One thing that researchers don’t yet understand is if poor sleep is allowing buildups of amyloid and tau, or if amyloid and tau deposits inhibit deep sleep. However, healthy research subjects who consented to being awakened every hour (!) showed increased levels of amyloid the day after in a study from the National Institutes of Health in Bethesda, Maryland.

While none of us is likely to get a good night’s sleep every time we lay our head on a pillow, it’s worth the effort. Aim for seven hours. Think of it like you do other health initiatives — getting enough exercise, eating well, keeping alcohol consumption moderate, and not smoking. You may not always meet your goals, but aiming for them is a good thing in itself.


Sources:

https://qz.com/1737881/scientists-are-looking-at-sleeps-role-in-developing-alzheimers/
https://www.sciencedaily.com/releases/2019/01/190109142704.htm
https://www.macworld.com/article/3307872/fitbit-sleep-tracking-apple-watch.html
https://www.ncbi.nlm.nih.gov/pmc/articles/PMC6240259/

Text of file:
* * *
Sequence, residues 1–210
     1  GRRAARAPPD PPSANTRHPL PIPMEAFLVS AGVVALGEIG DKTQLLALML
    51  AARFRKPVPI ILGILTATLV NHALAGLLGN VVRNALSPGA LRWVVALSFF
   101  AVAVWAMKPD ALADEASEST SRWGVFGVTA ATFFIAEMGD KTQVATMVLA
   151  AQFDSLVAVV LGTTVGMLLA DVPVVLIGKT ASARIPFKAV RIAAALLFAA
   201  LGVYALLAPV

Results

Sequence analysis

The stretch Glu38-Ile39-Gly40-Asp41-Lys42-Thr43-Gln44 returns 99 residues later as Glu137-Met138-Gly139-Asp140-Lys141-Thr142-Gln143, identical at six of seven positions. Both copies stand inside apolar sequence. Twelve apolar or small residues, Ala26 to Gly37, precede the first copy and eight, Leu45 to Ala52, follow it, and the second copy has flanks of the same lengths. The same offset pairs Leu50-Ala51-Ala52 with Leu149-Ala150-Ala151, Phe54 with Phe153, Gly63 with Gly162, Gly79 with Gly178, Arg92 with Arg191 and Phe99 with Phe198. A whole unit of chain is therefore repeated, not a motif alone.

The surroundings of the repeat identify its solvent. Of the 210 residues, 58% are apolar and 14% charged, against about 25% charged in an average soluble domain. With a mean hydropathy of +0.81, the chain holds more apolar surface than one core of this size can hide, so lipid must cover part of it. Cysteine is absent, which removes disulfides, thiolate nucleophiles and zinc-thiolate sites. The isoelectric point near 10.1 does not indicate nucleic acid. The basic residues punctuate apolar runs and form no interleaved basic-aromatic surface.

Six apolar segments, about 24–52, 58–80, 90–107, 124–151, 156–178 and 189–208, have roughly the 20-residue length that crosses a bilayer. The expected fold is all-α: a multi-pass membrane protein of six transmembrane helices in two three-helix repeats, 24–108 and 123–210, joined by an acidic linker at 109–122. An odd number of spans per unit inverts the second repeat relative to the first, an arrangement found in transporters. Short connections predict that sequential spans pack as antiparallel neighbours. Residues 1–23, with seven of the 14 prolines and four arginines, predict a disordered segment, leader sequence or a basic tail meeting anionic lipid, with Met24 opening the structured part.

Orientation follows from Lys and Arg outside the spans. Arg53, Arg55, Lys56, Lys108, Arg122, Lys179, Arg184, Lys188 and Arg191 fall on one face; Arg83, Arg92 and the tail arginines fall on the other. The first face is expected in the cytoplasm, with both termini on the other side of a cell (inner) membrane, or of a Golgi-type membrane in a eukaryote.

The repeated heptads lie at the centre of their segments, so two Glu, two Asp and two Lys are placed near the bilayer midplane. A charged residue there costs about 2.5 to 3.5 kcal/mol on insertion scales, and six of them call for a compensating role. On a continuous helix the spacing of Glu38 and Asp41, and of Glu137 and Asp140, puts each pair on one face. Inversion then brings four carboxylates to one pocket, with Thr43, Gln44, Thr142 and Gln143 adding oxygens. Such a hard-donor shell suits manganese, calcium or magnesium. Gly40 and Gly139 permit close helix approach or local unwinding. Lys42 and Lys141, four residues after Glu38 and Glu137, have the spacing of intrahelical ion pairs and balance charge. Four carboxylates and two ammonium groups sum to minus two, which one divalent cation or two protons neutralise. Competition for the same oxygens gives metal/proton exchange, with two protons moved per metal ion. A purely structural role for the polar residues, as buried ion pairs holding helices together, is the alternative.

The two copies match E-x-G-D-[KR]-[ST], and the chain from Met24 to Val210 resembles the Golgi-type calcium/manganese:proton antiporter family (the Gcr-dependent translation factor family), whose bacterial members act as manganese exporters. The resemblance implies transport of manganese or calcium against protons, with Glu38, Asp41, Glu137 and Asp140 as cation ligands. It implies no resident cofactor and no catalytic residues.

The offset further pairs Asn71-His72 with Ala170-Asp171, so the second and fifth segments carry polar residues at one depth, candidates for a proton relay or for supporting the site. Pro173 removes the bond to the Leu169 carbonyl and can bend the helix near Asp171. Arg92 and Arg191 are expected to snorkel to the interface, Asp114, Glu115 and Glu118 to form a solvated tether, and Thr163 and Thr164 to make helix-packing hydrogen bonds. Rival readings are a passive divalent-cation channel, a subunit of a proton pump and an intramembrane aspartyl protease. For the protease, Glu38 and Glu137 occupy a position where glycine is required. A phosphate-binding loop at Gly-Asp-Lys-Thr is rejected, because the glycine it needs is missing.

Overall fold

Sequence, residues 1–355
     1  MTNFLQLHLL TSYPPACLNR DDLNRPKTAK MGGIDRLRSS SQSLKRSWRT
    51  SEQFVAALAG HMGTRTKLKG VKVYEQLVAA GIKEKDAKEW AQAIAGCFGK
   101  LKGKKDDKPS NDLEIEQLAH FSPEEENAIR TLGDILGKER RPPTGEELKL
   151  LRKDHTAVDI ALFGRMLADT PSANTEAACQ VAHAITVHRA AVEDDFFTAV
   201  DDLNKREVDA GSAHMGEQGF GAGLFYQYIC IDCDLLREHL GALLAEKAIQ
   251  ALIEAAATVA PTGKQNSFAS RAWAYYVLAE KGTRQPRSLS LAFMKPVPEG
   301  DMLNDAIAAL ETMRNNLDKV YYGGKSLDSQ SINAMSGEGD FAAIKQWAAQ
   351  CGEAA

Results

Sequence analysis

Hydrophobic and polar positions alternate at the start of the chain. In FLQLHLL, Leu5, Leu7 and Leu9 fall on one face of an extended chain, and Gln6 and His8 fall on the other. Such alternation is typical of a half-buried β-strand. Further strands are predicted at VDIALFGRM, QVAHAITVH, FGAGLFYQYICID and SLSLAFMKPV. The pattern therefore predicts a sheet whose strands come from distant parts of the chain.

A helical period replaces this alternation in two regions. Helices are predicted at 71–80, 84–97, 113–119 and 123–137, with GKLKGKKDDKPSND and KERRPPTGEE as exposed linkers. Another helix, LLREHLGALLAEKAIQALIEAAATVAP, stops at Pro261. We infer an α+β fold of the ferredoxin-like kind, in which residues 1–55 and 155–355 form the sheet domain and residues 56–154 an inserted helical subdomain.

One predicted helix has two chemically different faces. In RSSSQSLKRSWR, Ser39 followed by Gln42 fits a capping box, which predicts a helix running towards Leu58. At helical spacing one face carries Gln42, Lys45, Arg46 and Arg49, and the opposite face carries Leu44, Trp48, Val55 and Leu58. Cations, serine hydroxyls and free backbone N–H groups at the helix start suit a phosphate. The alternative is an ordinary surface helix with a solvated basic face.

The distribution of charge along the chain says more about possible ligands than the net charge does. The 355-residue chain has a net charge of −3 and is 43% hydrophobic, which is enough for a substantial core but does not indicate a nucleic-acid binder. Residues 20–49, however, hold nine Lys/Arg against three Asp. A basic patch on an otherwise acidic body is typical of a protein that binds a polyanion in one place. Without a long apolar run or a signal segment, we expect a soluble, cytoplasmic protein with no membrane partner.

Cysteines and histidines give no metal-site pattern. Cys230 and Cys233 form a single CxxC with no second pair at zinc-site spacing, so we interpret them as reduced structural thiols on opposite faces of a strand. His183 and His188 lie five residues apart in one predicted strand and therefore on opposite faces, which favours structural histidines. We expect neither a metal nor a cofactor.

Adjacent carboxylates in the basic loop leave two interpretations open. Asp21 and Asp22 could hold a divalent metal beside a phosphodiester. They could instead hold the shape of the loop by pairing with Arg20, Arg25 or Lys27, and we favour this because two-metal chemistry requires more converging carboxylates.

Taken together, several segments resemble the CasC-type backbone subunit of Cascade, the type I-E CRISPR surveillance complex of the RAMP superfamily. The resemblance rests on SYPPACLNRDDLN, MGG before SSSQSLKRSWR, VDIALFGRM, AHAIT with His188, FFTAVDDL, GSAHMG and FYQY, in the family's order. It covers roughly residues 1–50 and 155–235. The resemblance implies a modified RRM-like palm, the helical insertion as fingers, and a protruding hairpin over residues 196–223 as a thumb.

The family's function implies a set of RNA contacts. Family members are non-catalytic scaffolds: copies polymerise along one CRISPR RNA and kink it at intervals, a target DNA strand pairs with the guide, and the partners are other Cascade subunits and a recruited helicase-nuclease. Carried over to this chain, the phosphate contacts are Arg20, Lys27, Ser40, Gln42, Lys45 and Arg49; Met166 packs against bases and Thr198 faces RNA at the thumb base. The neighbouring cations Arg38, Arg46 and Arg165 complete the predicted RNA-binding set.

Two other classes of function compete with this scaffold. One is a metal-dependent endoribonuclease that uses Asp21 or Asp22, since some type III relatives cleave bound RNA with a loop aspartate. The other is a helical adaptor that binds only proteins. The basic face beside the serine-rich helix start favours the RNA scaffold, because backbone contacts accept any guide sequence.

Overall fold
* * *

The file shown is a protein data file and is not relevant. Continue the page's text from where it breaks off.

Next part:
https://www.marthastewart.com/1540906/what-are-adaptogens-skin-sleep-benefits-explained
https://www.cnbc.com/2019/12/20/oura-ring-review---what-we-learned-about-the-sleep-tracking-ring.html





Blog posting provided by Society of Certified Senior Advisors




Saturday, June 27, 2020

Quotes From Famous People Will Influence Your Money Decisions



Follow these nuggets of wisdom to better money management and your ultimate worth.


No matter where we are in our financial journey, there’s always something we can learn. Maybe our priorities aren’t quite where we want them to be, or problems at home or work have upended our finances. The following quotes are useful to anyone, and come from some of the best minds on the subject. There are bound to be at least a couple that can inspire us to improve the way we manage our money, our time, and our priorities.